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Pressure ulcer care

Set of activities performed by the nurse on pressure ulcers presented by the patient to promote tissue regeneration until healing or improvement.


To restore the integrity of the patient’s skin.


– Dressing material: scalpel handle, Kocher forceps, dissecting forceps with or without teeth.

– Sterile drapes.


– Sterile dressings.

– Sterile compresses.

– Sterile gauze.

– Sterile gloves.

– Non-sterile gloves.

– Anti-allergic plaster.

– No. 15-21 scalpel blade.

– Debridants.

– Dressings.

– Physiological saline 0.9%.

– Syringe 20cc.

– IV needle.

– Nursing records.


– Prepare the dressing trolley.

– Preserve the patient’s privacy.

– Inform the patient.

– Ask the patient and family to cooperate.

– Place the patient in a suitable position to cure the ulcer.

– Assess the ulcer: location, stage, size (length, width and depth), description of the appearance, signs of infection or pain.

– Assess ulcer-related pain or its treatment as well as the need to apply any analgesic, if appropriate.

Basic rules for all pressure ulcers:

  1. Apply the prevention procedure.

  2. Perform hand washing.

  3. Put on sterile gloves.

  4. Use sterile dressing kit.

  5. Clean the wound with physiological saline solution.

  6. Dry the wound without dragging.

  7. Assess injury and choose appropriate treatment.

– Heal according to wet healing technique.

– Apply the appropriate treatment according to the stage of the ulcer. The GNEAUPP proposes the classification into stages according to the degree of tissue involvement.

Stage I: erythematous phase (non-palpable skin erythema on intact skin).

– Possible therapeutic alternatives: Apply hyperoxygenated fatty acids (three times a day). Do not massage reddened areas or over bony prominences. Polyurethane sheet or thin film, polyurethane foam dressings or extra thin hydrocolloid, hydrogel plate.

– Place protective dressing.

Stage II: scoriative phase (superficial ulcer involving epidermis, dermis or both with moderate exudate).

Place absorbent dressing:

– Polyurethane foam and hydrocolloid paste or gel in extra-fine or normal dressing ulcers with little to moderate exudate.

– Hydrocellular dressings, calcium alginate, hydrocolloids combined with calcium alginate or fiber, hydrogels in amorphous structure and in dressings with moderate to profuse exudate.

– If there is a cavity: also hydrocolloid paste.

– If there is necrotic tissue: debride.

Stage III and IV: scoriatic/necrotic phase (ulcer involving subcutaneous tissue, muscle and sometimes bone and tendons).

– Place absorbent protective dressing by filling 3/4 of the cavity with specific products.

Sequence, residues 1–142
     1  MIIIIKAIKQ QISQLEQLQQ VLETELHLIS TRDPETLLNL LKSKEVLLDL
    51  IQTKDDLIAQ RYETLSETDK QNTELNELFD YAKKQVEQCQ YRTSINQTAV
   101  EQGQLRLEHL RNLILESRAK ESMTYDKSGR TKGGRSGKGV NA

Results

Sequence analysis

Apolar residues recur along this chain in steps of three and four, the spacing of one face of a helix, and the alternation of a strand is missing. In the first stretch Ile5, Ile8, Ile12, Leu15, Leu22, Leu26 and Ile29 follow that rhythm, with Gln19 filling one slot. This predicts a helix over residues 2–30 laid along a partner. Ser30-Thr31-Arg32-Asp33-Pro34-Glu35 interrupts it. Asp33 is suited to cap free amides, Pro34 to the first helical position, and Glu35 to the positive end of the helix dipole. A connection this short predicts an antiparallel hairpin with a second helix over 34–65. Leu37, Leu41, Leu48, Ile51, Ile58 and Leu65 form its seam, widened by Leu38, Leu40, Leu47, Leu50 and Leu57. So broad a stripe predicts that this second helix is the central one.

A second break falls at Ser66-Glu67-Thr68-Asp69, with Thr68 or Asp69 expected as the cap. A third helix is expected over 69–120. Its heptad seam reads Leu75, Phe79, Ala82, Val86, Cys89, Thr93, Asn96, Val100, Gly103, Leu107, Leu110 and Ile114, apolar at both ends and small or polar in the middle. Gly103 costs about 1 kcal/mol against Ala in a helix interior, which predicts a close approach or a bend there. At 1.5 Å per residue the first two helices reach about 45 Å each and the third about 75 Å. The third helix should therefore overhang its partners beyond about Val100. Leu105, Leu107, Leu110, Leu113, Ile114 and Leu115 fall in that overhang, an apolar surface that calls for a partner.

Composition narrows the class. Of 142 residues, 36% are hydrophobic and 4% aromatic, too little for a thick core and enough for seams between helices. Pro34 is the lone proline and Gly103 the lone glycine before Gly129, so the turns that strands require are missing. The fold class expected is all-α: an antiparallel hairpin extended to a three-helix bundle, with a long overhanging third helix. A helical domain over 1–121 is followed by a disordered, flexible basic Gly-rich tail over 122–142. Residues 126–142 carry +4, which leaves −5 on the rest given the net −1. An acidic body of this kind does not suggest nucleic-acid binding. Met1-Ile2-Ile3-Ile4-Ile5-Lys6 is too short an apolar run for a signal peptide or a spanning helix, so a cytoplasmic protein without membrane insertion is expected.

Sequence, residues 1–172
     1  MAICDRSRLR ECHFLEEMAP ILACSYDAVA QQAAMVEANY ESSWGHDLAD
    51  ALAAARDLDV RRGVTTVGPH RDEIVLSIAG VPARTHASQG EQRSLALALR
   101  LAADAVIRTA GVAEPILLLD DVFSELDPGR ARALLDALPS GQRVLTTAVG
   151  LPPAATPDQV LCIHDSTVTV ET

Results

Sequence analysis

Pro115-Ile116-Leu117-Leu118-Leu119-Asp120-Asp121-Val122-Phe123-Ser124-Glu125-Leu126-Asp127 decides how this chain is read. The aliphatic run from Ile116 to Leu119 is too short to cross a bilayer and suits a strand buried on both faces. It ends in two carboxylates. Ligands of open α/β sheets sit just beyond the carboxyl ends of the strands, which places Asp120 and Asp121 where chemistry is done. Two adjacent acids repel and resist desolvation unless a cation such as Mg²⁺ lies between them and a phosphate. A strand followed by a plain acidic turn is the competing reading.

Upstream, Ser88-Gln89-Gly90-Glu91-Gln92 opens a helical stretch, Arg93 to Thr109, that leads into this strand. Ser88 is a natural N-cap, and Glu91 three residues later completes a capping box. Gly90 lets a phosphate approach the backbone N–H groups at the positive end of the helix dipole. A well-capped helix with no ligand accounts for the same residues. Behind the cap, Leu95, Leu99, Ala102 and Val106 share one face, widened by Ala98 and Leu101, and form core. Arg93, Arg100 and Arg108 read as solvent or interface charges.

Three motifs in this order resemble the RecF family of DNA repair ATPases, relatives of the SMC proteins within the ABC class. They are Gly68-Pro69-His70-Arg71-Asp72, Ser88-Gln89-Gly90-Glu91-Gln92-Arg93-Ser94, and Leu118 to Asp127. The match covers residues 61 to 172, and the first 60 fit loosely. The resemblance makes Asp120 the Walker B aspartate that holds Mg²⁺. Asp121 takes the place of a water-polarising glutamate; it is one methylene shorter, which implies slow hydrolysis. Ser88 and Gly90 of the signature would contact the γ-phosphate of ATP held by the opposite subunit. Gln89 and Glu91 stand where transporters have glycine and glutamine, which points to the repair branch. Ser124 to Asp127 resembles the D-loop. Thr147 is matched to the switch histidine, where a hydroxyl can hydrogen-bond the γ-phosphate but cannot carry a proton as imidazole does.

– Remove the filling material from other dressings.

– If there is a lot of exudate, in addition to the above, place a calcium alginate hydrofiber dressing.

– If there is necrotic tissue, debride.

– Use sterile non-transparent dressing.

– Do not use occlusive dressing if the ulcer involvement is bone and tendon.

Infected ulcers:

– Do not use occlusive dressing.

– Intensify cleaning and debridement, performing dressings every 12-24 hours.

– Use hydrogels, hydrofibers or calcium alginate and use as secondary dressing, gauze, hydrofiber dressings, calcium alginate or charcoal/silver.

– If there is no improvement, take a culture sample from the wound and inform the physician in case systemic antibiotherapy is necessary.

Ulcer with necrotic tissue: debridement treatment.

Types of debridement:

– Surgical: Technique and sterile material. Requires dexterity, is quick and can be painful. Cutting by planes and in different sessions, always starting from the center of the lesion.

– Enzymatic: it is slower, painless and can even macerate healthy tissue. Enzymatic ointment (collagenase) is applied for 24-48 hours with gauze moistened with saline. To improve efficacy make incisions on the scab and apply the ointment or hydrogel with a syringe and needle.

– Autolytic: hydrogel dressings that produce moist healing conditions. These products soften and separate necrosis and dry plaques by absorbing them into the gelatinous structure. It is slow, selective and does not damage granulation tissue.

– Enzymatic and autolytic debridement can be combined with surgical debridement.

Technique for application of commercial dressings such as hydrocolloids, hydrogels, etc.

– Apply directly on the ulcer leaving a margin of 2.5-4 cm.

– The frequency of dressing change will be determined by the level of exudate.

– Do not remove prematurely because it destroys the granulation tissue that is forming.

– Reinforce the edges with adhesive tape that does not damage the perilesional skin.

– Date dressing application.

– Collect the material.

– Remove gloves.

– Perform hand washing.

– Note in nursing records: record the care given.


– In patients with several ulcers always start with the least contaminated.

– The change and frequency of dressings will depend on the degree of exudate and the state of the dressing.

– Do not use any type of antiseptic as it destroys the granulation tissue.

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